The Galapagos Islands have attained a legendary status in many peoples imaginations. The rocky, moonlike islands famously described by Charles Darwin lie almost 1000 kilometres west of the coast of Ecuador.
The archipelago comprises 13 larger and 6 smaller volcanic islands whose population of unique wildlife have made them famous. The islands and the area around them are national parks and are carefully managed and protected. Some of the more famous inhabitants include the Giant Galapagos Tortoises, large numbers of Sea Lions, many species of birds, penguins and of course the huge Iguanas. Many will be surprised to learn that there are also around 25,000 people who live on the islands and also a number of hotels for tourists.
Visiting the islands is usually undertaken by catching a flight from either Quito or Guayaquil, of which there are plenty, generally leaving in the morning and returning in the evening. Flights land on the central island of Santa Cruz and from there the best option to see the wildlife is to take a boat cruise around some of the islands. The boats get full in the busy seasons so be sure to book in advance before travelling, usually back on mainland Ecuador is sufficient and also cheaper than booking from your home country. Also watch out for the cheaper options as they may be overcrowded and only travel to the inner islands.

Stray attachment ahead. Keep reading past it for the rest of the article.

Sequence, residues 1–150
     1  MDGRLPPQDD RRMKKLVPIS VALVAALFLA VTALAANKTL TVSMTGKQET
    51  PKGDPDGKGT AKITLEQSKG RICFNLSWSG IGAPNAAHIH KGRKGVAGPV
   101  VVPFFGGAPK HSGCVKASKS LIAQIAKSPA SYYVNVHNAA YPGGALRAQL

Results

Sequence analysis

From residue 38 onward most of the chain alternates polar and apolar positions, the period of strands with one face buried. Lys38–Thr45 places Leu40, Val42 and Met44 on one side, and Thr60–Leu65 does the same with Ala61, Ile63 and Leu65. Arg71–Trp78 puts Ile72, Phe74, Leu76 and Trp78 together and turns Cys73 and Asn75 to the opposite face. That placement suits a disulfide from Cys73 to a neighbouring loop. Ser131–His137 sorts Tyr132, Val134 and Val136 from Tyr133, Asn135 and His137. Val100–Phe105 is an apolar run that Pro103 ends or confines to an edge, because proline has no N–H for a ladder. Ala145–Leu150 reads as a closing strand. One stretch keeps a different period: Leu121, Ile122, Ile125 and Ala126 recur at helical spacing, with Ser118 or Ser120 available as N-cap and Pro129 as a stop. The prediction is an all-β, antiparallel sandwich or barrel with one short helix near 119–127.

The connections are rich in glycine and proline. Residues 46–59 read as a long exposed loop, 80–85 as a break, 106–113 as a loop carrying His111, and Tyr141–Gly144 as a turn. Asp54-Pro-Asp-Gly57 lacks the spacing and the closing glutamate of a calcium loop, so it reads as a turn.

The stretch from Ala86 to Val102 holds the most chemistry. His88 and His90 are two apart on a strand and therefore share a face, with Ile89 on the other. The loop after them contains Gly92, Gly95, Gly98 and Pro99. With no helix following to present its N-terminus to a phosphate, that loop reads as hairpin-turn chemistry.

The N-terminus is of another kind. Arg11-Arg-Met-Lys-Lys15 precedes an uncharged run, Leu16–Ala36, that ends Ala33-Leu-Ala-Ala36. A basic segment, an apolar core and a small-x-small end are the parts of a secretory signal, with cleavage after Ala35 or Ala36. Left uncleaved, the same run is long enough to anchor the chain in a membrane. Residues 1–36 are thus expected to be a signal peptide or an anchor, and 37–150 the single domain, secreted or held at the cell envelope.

Travelling around the islands there are limited and tightly controlled opportunities to stop off and walk around amongst the animals. All visitors must be accompanied by a certified guide, but don’t let any of this put you off, the guides are knowledgable and the animals seem almost oblivious to the tourists, not through familiarity, but the lack of any exposure to people in their evolution. Often Iguana’s and tortoises will be resting on the path or immediately adjacent to them. Although the animals are by far the highlight the barren rocky landscapes of the islands do hold a certain appeal as well – but don’t expect tropical paradise or you may be disappointed.